Dec 1: Life Returns

A new month, and a new me. I woke up so much better today. Clearly the antibiotics had got to work last night, and I had actually had a pretty good rest. After the tournament ended it was pretty quiet out, as if everyone had used up their energy. The little bit of music and other sounds were easy to sleep through compared to the nights before.

Nicole took Ariana to the local school today to introduce her to the teacher and some of her classmates. Well at least as best as you can introduce someone when you don’t speak their language! In fact, Tracey, the TEARS lady who lives two floors below us, has been a great help to us and accompanied her on the visit. Ariana enjoyed this, and then enjoyed an afternoon of hosting the local boys in our home. The boys realized that our girls liked the “cookies” they sell at the Colmados and quickly rounded up all their daily allowance to buy them as many cookies as they could. I call them cookies because our kids do, but in fact they are a heavy pastry, in the shape of a cookie, with a lite sugar coating. Have I mentioned how generous the people here are?

Tracey has been great to us. She has been the one introducing us to everyone, organizing the home cooking lessons, helping us with translation as necessary, connecting us with the school, answering our questions, and generally just being a great friend. She took the kids over in the evening to make pumpkin pie cookies and made herself two new best friends!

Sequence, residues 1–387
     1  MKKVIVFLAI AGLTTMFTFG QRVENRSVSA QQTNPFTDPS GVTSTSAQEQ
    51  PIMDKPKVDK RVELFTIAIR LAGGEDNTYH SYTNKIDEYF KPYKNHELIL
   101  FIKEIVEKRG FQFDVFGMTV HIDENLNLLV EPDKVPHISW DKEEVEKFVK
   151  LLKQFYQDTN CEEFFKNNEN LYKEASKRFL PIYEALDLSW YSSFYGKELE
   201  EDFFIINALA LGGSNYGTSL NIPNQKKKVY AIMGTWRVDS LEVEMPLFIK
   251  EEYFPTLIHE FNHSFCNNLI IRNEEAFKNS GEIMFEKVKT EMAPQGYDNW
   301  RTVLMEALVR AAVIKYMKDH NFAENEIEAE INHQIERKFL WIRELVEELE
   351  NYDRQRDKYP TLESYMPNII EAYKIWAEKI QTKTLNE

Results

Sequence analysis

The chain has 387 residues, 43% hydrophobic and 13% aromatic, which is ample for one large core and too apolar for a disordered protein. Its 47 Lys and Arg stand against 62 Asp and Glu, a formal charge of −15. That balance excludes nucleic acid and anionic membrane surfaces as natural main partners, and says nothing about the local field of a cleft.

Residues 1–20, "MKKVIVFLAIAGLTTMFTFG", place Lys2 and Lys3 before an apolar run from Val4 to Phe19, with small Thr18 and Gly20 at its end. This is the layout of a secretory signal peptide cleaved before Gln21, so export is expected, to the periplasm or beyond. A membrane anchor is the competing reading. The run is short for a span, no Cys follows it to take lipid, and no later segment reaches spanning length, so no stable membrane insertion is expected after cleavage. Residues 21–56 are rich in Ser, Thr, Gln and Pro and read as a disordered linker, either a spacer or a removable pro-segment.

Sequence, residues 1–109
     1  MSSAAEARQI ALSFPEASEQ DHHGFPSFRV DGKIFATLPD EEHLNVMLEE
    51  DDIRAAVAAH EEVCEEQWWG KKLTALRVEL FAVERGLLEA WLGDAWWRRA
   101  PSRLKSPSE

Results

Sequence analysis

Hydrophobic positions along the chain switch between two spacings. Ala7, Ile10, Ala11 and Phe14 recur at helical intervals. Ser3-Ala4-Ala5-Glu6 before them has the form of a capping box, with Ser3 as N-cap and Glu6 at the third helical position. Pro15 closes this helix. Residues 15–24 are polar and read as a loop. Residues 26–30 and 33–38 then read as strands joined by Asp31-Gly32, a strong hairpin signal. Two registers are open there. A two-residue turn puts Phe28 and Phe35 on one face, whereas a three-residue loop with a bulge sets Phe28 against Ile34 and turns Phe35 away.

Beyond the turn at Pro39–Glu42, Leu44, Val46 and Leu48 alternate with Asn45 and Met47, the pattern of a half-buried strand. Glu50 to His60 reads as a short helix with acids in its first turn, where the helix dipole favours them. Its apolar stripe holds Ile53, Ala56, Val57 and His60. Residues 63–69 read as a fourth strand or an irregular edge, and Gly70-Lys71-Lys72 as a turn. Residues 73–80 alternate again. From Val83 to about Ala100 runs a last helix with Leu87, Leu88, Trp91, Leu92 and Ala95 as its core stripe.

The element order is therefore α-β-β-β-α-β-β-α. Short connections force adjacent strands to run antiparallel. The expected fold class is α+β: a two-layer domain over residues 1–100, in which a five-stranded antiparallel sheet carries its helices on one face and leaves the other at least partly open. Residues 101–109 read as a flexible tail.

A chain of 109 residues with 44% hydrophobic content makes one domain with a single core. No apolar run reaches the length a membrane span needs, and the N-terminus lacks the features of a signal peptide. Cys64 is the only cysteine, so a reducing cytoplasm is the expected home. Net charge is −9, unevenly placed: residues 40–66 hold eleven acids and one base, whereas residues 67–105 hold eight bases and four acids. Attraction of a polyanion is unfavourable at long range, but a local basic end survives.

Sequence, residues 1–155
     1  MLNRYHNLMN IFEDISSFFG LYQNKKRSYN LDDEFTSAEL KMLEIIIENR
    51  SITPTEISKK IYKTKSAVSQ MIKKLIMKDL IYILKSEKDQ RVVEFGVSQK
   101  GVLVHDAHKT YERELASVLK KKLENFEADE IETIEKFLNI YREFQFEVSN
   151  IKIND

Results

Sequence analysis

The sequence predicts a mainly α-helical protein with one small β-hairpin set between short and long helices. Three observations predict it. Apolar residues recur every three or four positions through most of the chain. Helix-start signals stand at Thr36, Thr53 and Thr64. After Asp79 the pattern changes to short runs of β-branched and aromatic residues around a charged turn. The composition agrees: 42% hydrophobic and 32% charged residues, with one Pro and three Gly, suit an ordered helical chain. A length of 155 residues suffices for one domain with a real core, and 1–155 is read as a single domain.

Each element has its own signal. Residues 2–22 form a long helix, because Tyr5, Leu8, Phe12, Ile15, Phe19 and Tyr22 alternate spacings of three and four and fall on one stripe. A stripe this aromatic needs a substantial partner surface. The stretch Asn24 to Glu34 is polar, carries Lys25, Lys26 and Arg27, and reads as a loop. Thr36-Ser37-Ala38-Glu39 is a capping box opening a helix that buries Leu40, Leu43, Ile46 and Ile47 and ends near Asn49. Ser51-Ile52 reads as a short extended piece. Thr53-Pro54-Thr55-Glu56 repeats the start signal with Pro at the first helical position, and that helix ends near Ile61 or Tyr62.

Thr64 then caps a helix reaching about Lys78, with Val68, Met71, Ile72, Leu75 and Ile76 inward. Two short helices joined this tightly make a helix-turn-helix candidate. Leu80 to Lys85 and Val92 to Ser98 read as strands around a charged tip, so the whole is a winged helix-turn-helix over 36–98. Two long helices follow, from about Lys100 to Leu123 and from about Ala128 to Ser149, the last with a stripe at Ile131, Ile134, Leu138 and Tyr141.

For lunch, Nicole did another training session in a Dominicans home a couple blocks away. They made another delicious chicken and rice dish. Personally, I have a real taste for rice and the sauces they put on them here. We learned afterward that the chickens foot is considered a delicacy here, so hopefully our hosts appreciated that we left it for them.

We do struggle with hearing and learning some of the local names. They are much different than what we are used to. The son at the home we went to was named, phonetically: Blathy. I know that looks easy for you, now that I’ve transcribed it, but it took us about 5 tries to discern what he was saying. We take some consolance in the fact that they can’t seem to say Brad, so they simply call me Braah.

By afternoon I was able to play with the girls a bit in the field, and joined the locals in some soccer. I didn’t fully understand how the game was being played. It seemed like a variation of 3-on-3 with one net where the losing team had to leave the field and maybe provide the next goaltender. I’m not really sure though as they seemed to be adjusting the rules so I never had to leave the field; everyone wanted to play with the “Americano”.

I also learned a new Spanish word: gol!

I then joined a soccer scrimmage in the evening for a local team I will play with, being run by the family below us (the ones who gave Nicole the first cooking lesson). My month away from exercising, the heat, the lack of sleep, and probably my body still being in a recover state made me feel pretty slow compared to what I was used to and I had to call it quits pretty quick.

Local Travel Route

Local Travel Route

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